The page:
The Irish Fiscal Advisory Council says that the plans will not after all break strict European Union rules that insist that countries like Ireland that carry large debts should rapidly pay down their deficits.
Coming less than a month before Mr Noonan delivers what he has termed a “mildly expansionary” budget, IFAC’s views will come as a huge relief for the Coalition and remove a potentially huge political embarrassment ahead of the looming election.
As recently as June, IFAC had effectively put the Government on notice that its budget plans as detailed at that time would break the EU’s “binding” debt-reduction and expenditure cap rules.
IFAC was concerned that the Government, facing into an election, would break the rules at its first test.
The Government ran the risk of repeating the economic mistakes of the past that had helped drive the country into crisis, the watchdog said.
Mr Noonan had laid out plans in the new Economic Statement in April for an expansionary budget of between €1.2bn and €1.5bn.
IFAC had said in June that even a €1.2bn budget package threatened to fall foul of both the “letter and spirit” of EU budget rules.
The watchdog yesterday, however, said that based on recently published CSO figures it has now revised those views and that budget plans will likely comply with the EU strictures.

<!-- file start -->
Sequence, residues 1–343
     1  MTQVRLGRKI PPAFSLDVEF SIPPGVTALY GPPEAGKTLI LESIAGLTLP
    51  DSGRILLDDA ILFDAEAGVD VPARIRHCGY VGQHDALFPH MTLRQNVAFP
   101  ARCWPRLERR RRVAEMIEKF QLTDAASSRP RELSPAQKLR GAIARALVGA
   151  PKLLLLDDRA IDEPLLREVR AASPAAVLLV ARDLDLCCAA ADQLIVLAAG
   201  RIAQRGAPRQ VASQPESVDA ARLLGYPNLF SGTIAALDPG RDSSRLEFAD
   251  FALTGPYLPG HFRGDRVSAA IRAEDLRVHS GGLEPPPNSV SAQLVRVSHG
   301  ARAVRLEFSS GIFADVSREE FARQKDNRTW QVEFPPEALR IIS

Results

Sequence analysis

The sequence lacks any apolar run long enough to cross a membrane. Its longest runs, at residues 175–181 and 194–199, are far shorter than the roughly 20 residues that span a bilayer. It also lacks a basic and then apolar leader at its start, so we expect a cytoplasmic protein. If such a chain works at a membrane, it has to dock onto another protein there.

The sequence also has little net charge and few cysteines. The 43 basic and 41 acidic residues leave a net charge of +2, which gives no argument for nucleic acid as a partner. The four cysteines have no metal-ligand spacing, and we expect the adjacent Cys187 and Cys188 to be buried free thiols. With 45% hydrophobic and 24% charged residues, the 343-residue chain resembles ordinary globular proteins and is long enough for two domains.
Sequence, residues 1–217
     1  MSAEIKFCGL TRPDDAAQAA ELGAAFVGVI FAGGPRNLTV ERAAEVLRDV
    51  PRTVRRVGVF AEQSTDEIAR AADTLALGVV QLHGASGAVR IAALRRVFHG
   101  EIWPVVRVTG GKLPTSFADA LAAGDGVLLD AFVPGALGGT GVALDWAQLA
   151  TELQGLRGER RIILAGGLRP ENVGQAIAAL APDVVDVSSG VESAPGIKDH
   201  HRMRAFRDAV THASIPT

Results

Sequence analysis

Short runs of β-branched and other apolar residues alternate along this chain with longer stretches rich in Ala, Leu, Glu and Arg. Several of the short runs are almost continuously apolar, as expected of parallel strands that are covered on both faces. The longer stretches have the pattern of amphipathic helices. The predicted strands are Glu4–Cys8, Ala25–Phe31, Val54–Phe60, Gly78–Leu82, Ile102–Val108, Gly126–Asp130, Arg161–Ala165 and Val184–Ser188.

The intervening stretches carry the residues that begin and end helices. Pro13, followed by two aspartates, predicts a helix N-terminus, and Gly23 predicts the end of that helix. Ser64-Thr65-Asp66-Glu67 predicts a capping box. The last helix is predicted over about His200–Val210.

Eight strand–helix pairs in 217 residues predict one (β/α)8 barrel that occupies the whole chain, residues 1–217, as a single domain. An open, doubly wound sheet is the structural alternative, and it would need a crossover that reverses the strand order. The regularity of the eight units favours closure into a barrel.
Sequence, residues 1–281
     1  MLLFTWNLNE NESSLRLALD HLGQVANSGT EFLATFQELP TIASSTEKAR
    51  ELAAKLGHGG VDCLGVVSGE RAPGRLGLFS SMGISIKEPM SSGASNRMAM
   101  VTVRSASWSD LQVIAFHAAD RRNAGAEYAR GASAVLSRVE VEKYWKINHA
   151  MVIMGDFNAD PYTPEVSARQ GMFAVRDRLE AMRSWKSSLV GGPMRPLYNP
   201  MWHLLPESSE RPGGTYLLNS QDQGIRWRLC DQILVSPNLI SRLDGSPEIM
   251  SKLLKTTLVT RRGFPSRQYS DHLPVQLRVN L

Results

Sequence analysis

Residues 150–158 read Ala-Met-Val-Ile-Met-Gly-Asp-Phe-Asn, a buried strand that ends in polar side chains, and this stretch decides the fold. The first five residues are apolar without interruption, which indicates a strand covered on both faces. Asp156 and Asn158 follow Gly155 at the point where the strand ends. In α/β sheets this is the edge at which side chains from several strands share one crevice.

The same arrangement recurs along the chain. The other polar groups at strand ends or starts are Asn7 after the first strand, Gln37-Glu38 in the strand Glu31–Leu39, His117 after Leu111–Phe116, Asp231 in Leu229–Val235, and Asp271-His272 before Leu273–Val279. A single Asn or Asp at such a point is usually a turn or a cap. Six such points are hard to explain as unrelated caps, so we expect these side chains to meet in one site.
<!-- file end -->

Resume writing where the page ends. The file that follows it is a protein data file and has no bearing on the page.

“We also say very strongly that the Government should not go beyond the €1.5bn,” said Professor John McHale, chairman at IFAC.
IFAC has consistently argued that the Government should comply with the EU rules.
It continues to urge that the budget measures should meet the EU standards, he said.
Its “key message” remains that the Coalition must meet the EU requirements which aim to protect countries from returning to economic crisis.
The rules include a key requirement for Ireland to reduce its so-called structural budget deficit.
Analysts have said that the growth in the economy could mean that Mr Noonan would have as much as €2.5bn in measures to announce in an expansionary budget, if the spending rules did not exist.
Some economists believe that the Coalition, because of the looming election, would be tempted to exceed the limit it had set out in April and spend up to €2bn in budget measures next month.
The economy is now growing at a faster rate than any other country in the eurozone. Official figures published earlier this month showed that industrial output was expanding at a rapid pace in the three months to the end of June.
IFAC was set up at the height of the financial crisis.
It will examine the Government’s macroeconomic forecasts before the budget and will state whether it believes the projections are credible before Mr Noonan details his budget measures.
In November, the watchdog will provide its final assessment of the budget measures, including whether it believes the measures are prudent and in line with EU fiscal rules.